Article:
Surgery provides histological confirmation and is reasonable in cases where the aetiology of the brain lesions is in question or histological information is not available from the primary tumour.


Last reviewed December 2015

In cases of multiple metastases, addition of surgery to WBRT may be reasonable for rapid symptom control or for histological confirmation.


Last reviewed December 2015

In cases of multiple metastases, addition of surgery to WBRT may be reasonable in highly individualised cases with the goal of improvement in local control, overall survival or FIS.

Stereotactic radiosurgery may be an alternative to surgery in these patients.
Last reviewed December 2015

Stage IV inoperable

Radiotherapy

What is the clinical benefit of radiotherapy to the brain for patients with inoperable brain metastases from NSCLC?

Recommendation Grade
For patients with multiple metastases a dose of 20Gy in 5 fractions or 30Gy in 10 fractions is adequate for palliation of symptoms and improvement in neurological function.

Last reviewed December 2015

B
Patients with multiple brain metastases from lung cancer who have adverse prognostic factors, based on prognostic models, should be considered for best supportive care including steroids.

Last reviewed December 2015

B
Patients with multiple brain metastases from lung cancer who have good prognostic factors, based on prognostic models, should be considered for whole brain radiotherapy.

Last reviewed December 2015

A

What is the role of stereotactic radiosurgery in the treatment of brain metastases?

Recommendation Grade
Radiosurgery may be used as an alternative to surgery for patients with one to three brain metastases and stable systemic disease.

Last reviewed December 2015

C
Patients with one to three unresectable brain metastases and stable systemic disease may be considered for a stereotactic radiosurgery boost in addition to whole brain radiotherapy.

Last reviewed December 2015

C
Practice point(s)
The study on which the above recommendation is based prescribed whole brain radiotherapy for all patients. However routine adjuvant whole brain radiotherapy is no longer recommended following surgical resection or radiosurgery for brain metastases.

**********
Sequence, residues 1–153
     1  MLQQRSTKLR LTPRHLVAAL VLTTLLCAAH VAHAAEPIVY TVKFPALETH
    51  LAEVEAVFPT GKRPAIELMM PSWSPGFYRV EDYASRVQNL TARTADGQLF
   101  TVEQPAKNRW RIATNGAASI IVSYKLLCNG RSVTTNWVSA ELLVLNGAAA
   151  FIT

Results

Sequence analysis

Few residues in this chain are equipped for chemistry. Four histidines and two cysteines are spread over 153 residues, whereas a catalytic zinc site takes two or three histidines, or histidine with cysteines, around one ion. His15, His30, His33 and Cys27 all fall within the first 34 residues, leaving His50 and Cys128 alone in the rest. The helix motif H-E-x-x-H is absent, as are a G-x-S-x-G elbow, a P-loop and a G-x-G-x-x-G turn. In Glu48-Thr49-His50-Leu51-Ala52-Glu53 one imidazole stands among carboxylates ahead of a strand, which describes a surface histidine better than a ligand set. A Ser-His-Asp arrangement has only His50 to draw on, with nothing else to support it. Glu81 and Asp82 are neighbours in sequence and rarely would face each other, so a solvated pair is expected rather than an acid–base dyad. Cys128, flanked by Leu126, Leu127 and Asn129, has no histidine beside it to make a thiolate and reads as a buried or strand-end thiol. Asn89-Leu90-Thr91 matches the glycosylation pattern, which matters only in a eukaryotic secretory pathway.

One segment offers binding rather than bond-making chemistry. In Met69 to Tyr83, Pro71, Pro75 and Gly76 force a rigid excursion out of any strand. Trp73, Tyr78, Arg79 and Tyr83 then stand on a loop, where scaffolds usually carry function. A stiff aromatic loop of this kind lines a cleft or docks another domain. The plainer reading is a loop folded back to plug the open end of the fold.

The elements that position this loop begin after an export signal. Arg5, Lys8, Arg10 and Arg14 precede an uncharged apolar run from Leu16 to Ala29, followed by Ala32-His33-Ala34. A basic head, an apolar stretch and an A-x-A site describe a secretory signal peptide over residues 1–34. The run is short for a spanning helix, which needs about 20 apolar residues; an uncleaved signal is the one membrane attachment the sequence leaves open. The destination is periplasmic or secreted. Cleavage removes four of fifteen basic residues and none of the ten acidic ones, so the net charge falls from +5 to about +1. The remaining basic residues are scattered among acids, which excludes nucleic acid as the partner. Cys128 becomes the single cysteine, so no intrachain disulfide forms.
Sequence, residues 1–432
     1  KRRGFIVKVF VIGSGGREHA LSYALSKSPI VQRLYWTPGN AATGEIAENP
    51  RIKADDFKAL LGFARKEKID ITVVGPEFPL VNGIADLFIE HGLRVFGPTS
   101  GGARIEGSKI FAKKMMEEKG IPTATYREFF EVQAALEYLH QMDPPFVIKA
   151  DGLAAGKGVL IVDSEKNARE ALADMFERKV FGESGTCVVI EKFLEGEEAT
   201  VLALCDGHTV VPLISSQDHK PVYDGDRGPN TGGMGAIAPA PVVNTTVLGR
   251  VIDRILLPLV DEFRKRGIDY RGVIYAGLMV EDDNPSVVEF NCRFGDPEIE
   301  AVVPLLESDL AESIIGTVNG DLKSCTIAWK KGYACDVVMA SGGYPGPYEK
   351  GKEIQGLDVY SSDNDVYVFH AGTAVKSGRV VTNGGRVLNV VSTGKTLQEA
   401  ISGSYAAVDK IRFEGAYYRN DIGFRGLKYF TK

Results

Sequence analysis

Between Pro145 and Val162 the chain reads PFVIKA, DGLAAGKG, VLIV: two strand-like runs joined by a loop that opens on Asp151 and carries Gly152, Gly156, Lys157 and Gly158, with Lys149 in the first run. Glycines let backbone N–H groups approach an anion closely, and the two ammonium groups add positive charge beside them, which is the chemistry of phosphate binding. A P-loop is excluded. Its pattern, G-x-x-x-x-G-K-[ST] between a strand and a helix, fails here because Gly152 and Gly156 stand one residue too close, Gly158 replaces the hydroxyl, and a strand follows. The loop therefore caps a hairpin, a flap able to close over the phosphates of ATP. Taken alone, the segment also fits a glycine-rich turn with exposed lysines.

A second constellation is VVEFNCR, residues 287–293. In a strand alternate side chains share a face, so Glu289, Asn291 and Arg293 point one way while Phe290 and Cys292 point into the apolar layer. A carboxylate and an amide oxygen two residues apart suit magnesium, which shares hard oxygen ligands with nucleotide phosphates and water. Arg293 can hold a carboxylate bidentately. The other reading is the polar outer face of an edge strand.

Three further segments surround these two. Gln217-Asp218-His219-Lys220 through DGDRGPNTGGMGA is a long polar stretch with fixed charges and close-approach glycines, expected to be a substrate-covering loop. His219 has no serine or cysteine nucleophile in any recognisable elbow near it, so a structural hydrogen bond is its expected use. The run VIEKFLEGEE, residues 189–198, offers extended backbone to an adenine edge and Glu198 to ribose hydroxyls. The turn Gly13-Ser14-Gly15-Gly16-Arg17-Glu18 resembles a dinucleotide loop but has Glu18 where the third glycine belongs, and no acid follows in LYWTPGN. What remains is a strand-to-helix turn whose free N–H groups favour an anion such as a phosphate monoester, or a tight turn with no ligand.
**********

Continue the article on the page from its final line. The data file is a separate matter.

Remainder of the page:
Last reviewed December 2015

What is the clinical benefit of radiotherapy to the bone for metastatic disease from NSCLC?

Recommendation Grade
A single fraction of 8Gy is recommended if the clinical endpoint is pain relief.

Last reviewed December 2015

A
Patients who have had orthopaedic fixation of a pathological fracture may be considered for adjuvant radiotherapy.

Last reviewed December 2015

C
Patients who have pain from bony metastases (not at risk of pathological fracture) should be offered palliative radiotherapy.

Last reviewed December 2015

A
Practice point(s)
Patients at risk of pathological fracture should be referred for prophylactic fixation prior to radiotherapy. The Mirel score is a useful tool in assessing this but patient factors should also be taken into account.


Last reviewed December 2015

What is the clinical benefit of radiotherapy in metastatic spinal cord compression?

Recommendation Grade
Recommended radiotherapy doses for patients treated with radiotherapy alone are 8-20Gy in 1-5 fractions.

Last reviewed November 2015

B
Patients who have spinal cord compression from metastatic cancer should be considered for radiotherapy, either as primary treatment or following surgery.

Last reviewed November 2015

B
Practice point(s)
Patients with spinal cord compression may be commenced on dexamethasone 4-16mg a day to reduce oedema around the spinal cord. This can be weaned once treatment is complete.


Last reviewed November 2015

Spinal stability should be assessed in patients with spinal cord compression. The SINS score is a useful tool to assess this but patient factors should also be taken into account.


Last reviewed November 2015

Chemotherapy